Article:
For example, many hospitals use Press Ganey or Picker surveys to gather information on patients’ perceptions of the hospital. Examining pain-related complaints helps make the case for improvement. Alternatively, surveying every room in the hospital—using an instrument such as the American Pain Society Patient Outcome Questionnaire—gives a good sense of how patients perceive the quality of pain management. If those measures suggest that there is concern about the quality of pain management, it’s easier to advocate for the implementation of appropriate guidelines. Ideally, when an institution recognizes that they aren’t providing pain care at sufficient levels, they may be motivated to include patient comfort as a core value within the system, much like we do for patient safety or confidentiality. Patient expectation for comfort and reduced pain should drive the adoption and use of respected clinical guidelines. We typically want to do well by our patients. When they weigh in and tell us how we’re meeting core values, we’ll know if we are hitting the mark.

I’m convinced that institutional or system-wide change is an effective way to reduce patients’ pain, and improve pain management in a sustained way. Adopting clinical guidelines assures a uniform approach to care, which goes a long way toward meeting pain management goals. There are two articles in the journal Pediatrics describing the work that my colleagues and I did in two Connecticut hospitals. We worked to close the gap between what was known about optimal pain management for hospitalized children, and what was actually done. I believe that what we learned about changing practice behavior through systems or culture change can be helpful to anyone looking to improve patient outcomes for pain care.3, 4

A number of strategies seemed to be effective:

  • Beginning with a survey or audit of present practices in selected (clinical) areas. There are benchmarks available so that institutions or systems can compare their outcomes with similar settings.
  • Including physicians, nurses, psychologists, pharmacists, and other healthcare professionals in pain-reduction efforts.
  • Inviting a multidisciplinary group of champions to be part of a pain council that was led by a person with administrative authority to mandate change.
  • Using—and modifying—national guidelines and consensus statements to address local strengths, weaknesses, and customs.
  • Implementing ongoing education initiatives to promote change—and sustain it.
  • Having a continuous, vigilant quality improvement program monitored by members of the pain council.4

WW: In conclusion, could you please share practical suggestions about using clinical guidelines to improve pain management?

NS: If you are looking to learn about your patients’ pain experiences, ask your patients directly. To minimize bias, I would recommend consulting an outside group to conduct a survey using a de-identified, standardized instrument. Patients have been known to hold back the truth of their experience to spare the clinician’s feelings. Let the patients know that you are committed to having patients in your care as comfortable as possible. “How are we doing? Please be honest in your responses.” Deb Gordon and other pain management leaders revised the American Pain Society’s Patient Outcome Questionnaire in 2009 as a starting point for building a survey. The results of this effort could encourage healthcare providers to seek out and use guidelines that make sense for their particular care setting.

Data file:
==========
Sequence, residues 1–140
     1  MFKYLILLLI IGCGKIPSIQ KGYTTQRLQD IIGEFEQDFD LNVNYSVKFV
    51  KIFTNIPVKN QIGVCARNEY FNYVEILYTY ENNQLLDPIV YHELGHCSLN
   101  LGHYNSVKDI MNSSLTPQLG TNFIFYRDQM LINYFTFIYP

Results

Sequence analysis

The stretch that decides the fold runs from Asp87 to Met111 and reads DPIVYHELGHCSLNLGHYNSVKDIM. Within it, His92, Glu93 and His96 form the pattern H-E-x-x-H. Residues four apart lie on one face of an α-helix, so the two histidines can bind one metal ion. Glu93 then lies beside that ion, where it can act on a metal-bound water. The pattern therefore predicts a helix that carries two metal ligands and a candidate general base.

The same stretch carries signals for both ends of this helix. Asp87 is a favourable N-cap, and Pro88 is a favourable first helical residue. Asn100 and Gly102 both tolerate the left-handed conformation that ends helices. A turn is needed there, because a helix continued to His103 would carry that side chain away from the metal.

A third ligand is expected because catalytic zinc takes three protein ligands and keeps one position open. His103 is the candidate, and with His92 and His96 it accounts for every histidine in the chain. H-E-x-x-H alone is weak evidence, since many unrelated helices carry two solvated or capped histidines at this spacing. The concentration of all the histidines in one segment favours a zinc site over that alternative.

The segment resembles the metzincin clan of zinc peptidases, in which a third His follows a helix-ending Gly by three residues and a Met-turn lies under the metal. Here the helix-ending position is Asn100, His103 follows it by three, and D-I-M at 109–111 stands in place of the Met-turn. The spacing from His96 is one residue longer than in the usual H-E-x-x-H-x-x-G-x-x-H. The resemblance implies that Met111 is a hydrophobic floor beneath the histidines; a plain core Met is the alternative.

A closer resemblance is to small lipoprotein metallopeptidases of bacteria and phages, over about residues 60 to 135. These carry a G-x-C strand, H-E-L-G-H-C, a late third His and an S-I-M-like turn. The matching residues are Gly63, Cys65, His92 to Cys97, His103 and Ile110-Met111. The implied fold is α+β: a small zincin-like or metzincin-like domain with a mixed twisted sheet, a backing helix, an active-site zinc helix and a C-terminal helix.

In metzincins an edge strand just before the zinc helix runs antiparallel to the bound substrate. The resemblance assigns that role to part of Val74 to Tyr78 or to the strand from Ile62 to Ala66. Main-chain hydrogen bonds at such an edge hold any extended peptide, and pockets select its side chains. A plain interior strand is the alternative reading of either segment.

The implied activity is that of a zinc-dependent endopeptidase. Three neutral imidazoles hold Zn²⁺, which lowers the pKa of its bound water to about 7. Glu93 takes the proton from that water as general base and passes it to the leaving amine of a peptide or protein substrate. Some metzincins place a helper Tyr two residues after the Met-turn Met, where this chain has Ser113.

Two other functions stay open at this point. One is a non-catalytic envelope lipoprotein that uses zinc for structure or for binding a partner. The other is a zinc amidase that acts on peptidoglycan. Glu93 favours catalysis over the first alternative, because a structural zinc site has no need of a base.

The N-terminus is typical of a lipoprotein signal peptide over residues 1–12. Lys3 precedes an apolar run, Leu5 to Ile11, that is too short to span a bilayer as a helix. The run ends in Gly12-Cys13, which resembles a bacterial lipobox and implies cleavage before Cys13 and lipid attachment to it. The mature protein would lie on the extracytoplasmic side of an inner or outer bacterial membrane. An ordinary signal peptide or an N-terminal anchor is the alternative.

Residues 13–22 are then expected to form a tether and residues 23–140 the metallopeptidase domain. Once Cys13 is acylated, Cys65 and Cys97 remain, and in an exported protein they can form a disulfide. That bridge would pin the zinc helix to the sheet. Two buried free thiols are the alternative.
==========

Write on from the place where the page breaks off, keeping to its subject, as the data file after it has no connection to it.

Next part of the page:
If you are ready to identify a set of pain management guidelines to improve your practice, go for it. Don’t let the fact that there is no “gold standard” for pain management get in the way of moving toward the improvement of patient outcomes. Get together with others in your organization who want to ensure patient comfort and reduce pain overall. Identify what pain care guidelines are out there. Make your decision and individualize or localize the guidelines you choose to suit your practice setting. Finally, keep evaluating how your guidelines are working to meet the clinical practice goals and amend as needed.

If you are looking to increase your own self-efficacy, do an audit of your practice and readiness to get to the next level of pain management expertise. Ask yourself: “According to these clinical practice guidelines, how am I doing? Am I where I would like to be? How can I close the gaps in my own pain management practice?” Behavior change has the best shot when it’s based on internal motivation from individuals or whole organizations who aspire to improve.

References

  1. Bonica JJ. The Management of Pain. 2nd ed. Philadelphia, PA: Lea & Febiger; 1990
  2. Cabana MD, Rand CS, Powe NR, et al. Why don’t physicians follow clinical practice guidelines?: a framework for improvement. JAMA. 1999;282(15):1458-1465.
  3. Schechter NL, Blankson V, Pachter LM, Sullivan CM, Costa L. The ouchless place: no pain, children’s gain. Pediatrics. 1997; 99(6):890–894
  4. Schechter NL From the Ouchless Place to Comfort Central: the evolution of a concept. Pediatrics. 2008;122(3), S154 -S160.

Resource

Revised American Pain Society Patient Outcome Questionnaire (APS-POQ-R) for Quality Improvement of Pain Management in Hospitalized Adults: Preliminary Psychometric Evaluation http://www.jpain.org/article/S1526-5900%2810%2900351-2/abstract